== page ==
Women in Public, 1850-1900
Documents of the Victorian Women's Movement
Routledge – 1979 – 360 pages
Assembling a full and comprehensive collection of material which illustrates all aspects of the emergent women’s movement during the years 1850-1900, this fascinating book will prove invaluable to students of nineteenth century social history and women's studies, to those studying the Victorian novel and to sociologists.
Women’s pamphlets and speeches, parliamentary debates and popular journalism, letters and memoirs, royal commissions and the leading reviews, are all used to document the conflicting images of women: ‘surplus women’ and the issue of emigration; women’s work and male hostility to it; the opening of education by Emily Davies; the claim to equity at law; the attack on the sexual double standard, led by Josephine Butler; women’s public service from philanthropy – exemplified in a Mary Carpenter or Louisa Twining or Octavia Hill – to local government; and finally women’s entry into politics led by Lydia Becker.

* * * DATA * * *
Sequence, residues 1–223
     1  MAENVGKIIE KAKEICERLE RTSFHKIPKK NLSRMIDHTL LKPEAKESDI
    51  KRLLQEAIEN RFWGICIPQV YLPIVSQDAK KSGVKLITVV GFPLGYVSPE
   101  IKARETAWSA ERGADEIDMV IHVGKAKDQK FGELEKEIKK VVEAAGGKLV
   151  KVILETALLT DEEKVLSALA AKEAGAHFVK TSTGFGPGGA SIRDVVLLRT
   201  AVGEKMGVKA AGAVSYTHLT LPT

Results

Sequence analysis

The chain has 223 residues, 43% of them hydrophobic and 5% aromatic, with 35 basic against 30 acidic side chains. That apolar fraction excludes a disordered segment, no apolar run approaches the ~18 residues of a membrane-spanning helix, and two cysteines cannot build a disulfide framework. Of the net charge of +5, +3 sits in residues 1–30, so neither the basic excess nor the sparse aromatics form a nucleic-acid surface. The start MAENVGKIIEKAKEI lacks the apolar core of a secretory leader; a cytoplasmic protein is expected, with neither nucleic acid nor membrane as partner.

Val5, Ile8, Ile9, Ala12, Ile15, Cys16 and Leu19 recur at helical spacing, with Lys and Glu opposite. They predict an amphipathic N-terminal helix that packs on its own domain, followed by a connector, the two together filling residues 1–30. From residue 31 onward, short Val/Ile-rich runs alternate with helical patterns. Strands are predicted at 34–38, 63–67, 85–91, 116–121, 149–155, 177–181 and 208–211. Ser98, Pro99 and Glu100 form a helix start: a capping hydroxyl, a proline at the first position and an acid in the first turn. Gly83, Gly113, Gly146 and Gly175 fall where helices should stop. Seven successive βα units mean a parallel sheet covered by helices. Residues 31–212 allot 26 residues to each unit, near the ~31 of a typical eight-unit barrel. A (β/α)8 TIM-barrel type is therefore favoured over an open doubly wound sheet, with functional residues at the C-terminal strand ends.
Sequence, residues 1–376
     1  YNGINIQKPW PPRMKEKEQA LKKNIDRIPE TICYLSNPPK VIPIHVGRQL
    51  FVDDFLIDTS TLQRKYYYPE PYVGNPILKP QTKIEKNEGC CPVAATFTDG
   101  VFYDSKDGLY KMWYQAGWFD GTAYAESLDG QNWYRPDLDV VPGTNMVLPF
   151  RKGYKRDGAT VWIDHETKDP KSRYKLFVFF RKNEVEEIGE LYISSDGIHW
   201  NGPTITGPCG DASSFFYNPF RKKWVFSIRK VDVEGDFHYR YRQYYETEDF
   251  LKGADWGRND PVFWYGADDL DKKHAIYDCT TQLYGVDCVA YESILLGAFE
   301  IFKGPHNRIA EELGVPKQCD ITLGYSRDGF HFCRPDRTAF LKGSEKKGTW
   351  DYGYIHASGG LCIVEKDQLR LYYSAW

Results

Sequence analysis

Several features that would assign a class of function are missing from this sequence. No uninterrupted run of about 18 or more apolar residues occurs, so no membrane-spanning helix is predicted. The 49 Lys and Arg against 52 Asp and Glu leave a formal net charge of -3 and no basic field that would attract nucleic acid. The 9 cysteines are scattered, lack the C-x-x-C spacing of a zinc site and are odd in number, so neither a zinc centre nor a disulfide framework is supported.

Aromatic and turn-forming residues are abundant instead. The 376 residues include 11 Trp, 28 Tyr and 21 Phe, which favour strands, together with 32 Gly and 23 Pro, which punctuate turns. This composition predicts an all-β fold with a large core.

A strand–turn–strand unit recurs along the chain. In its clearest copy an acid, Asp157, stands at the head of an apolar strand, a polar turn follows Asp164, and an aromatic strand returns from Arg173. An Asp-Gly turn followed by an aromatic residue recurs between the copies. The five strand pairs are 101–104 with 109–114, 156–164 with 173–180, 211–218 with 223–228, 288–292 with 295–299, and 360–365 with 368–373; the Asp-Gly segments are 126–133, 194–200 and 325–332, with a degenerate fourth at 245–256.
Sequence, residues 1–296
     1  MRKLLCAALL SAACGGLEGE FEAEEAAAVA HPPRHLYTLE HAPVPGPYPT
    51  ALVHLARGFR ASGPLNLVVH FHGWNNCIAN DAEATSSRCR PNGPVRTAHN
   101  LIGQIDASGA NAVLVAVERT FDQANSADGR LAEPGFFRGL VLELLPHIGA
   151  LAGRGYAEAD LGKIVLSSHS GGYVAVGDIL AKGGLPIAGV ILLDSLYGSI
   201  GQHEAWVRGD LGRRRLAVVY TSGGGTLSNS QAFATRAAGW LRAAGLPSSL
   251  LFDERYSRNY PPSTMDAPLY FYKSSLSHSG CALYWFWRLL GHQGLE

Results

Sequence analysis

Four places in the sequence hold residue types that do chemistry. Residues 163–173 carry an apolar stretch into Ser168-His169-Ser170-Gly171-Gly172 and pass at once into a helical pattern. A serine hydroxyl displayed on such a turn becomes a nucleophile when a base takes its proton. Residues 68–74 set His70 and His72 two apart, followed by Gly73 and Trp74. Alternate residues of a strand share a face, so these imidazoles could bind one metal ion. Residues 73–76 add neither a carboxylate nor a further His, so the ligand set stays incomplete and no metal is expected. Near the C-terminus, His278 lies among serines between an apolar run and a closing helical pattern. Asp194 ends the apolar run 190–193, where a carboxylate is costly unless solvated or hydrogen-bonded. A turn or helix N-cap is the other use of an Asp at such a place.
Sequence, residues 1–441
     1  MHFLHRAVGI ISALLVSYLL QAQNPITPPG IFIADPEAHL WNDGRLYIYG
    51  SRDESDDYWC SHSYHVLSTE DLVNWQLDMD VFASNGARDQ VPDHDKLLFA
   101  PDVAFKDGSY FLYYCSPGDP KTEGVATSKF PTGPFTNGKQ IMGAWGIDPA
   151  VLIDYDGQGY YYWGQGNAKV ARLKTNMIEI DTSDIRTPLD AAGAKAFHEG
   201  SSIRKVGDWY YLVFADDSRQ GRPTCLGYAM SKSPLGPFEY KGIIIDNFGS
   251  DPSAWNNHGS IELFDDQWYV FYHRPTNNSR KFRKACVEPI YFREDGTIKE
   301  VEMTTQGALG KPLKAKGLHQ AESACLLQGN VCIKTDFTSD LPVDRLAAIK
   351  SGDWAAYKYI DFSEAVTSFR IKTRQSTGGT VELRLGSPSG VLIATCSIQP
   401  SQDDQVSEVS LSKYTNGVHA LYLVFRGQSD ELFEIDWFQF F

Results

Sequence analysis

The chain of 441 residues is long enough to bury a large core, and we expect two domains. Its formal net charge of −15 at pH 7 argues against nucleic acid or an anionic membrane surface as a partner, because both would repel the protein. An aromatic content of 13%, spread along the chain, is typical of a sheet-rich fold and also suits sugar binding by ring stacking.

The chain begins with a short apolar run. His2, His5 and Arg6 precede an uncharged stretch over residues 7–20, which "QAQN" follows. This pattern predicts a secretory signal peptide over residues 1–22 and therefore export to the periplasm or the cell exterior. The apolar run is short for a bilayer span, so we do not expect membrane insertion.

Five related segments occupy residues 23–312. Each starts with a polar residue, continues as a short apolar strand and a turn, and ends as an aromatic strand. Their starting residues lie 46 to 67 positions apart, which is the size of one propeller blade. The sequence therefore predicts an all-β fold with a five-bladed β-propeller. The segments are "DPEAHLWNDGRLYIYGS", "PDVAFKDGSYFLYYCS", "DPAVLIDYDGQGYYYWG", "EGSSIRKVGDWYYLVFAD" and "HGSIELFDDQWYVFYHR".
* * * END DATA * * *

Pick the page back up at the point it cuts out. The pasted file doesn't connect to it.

The contents range from Caroline Norton on her battle for child custody in the 1830s to Annie Besant’s inspiration of the match-girl’s strike in 1888, and from W. T. Stead on child prostitution to Mrs Humphrey War’s Appeal against female suffrage in 1889.
The book was originally published in 1979.
Part 1: Images of Women Part 2: Surplus Women and Emigration Part 3: Women at Work Part 4: Education Part 5: Birth Control Part 6: Law Part 7: The Social Evil Part 8: Public Service Part 9: Politics Part 10: Two Movements, One Class